South Africa were poor, he argues, Ireland didn't spend enough time in their 22 and the best performance of the Joe Schmidt era was the Championship decider in Paris last March.
"The weekend certainly wasn't (the desired level of performance). I think Paris was a pretty good 80-minute display, even though we were very lucky in that 79th minute," he said.
"I think that was the closest performance we've had yet to an 80-minute performance. I don't think the weekend was it, no.
"Joe's trying to make us winners every single week and to improve our performance on a weekly basis, and he's trying to make us that 80 minute-plus team which is something that probably we haven't been a lot over the last, maybe, decade or so.
"I think, as players, we've learned a huge amount from recent games and that New Zealand game (last November) in particular, and we have learned from our mistakes in Paris as well.
"I think it was a great insight of a team who had learned from that mistake against New Zealand and the weekend gives us that confidence to really take on southern hemisphere teams, and that's huge for our mental ability going into a game knowing that we can genuinely compete and beat the best teams in the world."
What the victory over the Boks will give the squad is renewed belief in what they are working on and, as long as it doesn't stray into cockiness, it will be an asset.
"Confidence is a brilliant thing and sometimes over-confidence can be a detrimental thing too," Kearney said.
"It's key that we find the balance between the two and by no means we get carried away with one win over a South African team that played poorly on the day and it didn't really seem as if the defeat hurt them too much.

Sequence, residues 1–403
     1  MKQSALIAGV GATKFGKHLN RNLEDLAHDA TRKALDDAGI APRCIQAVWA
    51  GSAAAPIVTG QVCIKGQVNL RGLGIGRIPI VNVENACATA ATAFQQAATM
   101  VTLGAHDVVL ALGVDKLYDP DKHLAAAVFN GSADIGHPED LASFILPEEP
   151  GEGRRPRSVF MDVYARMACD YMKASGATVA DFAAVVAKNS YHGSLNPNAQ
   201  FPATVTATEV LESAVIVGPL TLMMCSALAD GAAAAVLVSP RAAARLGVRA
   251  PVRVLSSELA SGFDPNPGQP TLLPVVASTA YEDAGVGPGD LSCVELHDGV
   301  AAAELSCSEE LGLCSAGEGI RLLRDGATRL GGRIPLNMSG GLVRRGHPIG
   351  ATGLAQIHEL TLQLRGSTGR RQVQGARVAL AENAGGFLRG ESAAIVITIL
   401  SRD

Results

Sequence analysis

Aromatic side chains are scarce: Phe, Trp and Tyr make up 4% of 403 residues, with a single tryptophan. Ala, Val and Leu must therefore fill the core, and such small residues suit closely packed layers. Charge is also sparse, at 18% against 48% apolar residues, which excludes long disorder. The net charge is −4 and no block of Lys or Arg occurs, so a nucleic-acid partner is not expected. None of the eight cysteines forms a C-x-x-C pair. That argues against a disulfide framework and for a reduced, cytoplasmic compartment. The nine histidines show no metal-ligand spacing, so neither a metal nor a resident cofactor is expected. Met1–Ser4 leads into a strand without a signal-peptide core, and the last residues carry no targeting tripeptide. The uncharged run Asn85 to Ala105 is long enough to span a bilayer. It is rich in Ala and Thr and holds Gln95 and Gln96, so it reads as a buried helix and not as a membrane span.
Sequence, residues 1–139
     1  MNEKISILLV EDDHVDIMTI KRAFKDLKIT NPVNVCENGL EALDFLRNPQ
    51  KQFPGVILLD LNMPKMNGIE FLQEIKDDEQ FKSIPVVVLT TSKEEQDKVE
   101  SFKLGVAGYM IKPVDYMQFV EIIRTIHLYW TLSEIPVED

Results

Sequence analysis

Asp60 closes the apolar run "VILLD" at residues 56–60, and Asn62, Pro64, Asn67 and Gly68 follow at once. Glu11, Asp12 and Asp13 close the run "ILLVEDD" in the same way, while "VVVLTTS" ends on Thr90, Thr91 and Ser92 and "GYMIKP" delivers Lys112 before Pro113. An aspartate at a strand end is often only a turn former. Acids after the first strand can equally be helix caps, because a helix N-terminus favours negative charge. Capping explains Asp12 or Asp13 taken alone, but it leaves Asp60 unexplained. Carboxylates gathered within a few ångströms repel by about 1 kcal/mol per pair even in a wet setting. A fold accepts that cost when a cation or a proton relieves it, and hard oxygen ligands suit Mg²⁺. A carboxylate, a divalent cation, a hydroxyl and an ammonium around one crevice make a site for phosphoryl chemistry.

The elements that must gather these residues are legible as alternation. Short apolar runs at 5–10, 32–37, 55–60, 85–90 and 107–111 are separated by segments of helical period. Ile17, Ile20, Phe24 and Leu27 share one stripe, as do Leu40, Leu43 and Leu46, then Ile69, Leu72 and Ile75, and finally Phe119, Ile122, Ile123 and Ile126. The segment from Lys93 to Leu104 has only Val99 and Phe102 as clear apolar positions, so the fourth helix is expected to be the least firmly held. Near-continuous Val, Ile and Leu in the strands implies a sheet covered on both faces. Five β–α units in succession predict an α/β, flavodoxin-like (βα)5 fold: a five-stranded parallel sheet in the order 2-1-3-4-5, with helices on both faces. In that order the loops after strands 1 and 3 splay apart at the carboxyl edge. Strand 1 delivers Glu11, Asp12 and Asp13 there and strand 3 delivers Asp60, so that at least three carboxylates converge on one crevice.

"I think that has to our biggest mindset, that we're very aware of what was achieved on the day but by no means losing the run of ourselves and getting ahead of our station."
One man who won't allow that to happen is the coach who, Kearney explains, has increased in intensity since taking over a job that limits his time with his players.
"He has changed his way as a coach," he said. "His intensity as a national coach in camp now, in my opinion, he didn't have the same at provincial level because he probably realised that on a week-to-week basis you need to be different.
"I do think when you go from a provincial set-up to a national set-up that there needs to be that very evident, much bigger intensity because the stakes are higher and that needs to be reflected in the environment in how we're treated and how we train."
This week, Ireland have Georgia on their minds and that calls to mind that horrible evening back in 2007.
"I genuinely do believe that we are a very different team to the national team that took the field in Bordeaux that day," Kearney concluded.
"You've probably got a better squad, you've got more depth. Our mental capacity for the big day is probably a little bit better. I think we've had more better performances against some bigger teams over the last 12 months."
He had enough confidence in the way things are going to commit the next three years of his life to Leinster and Ireland, but he's learnt not to get carried away.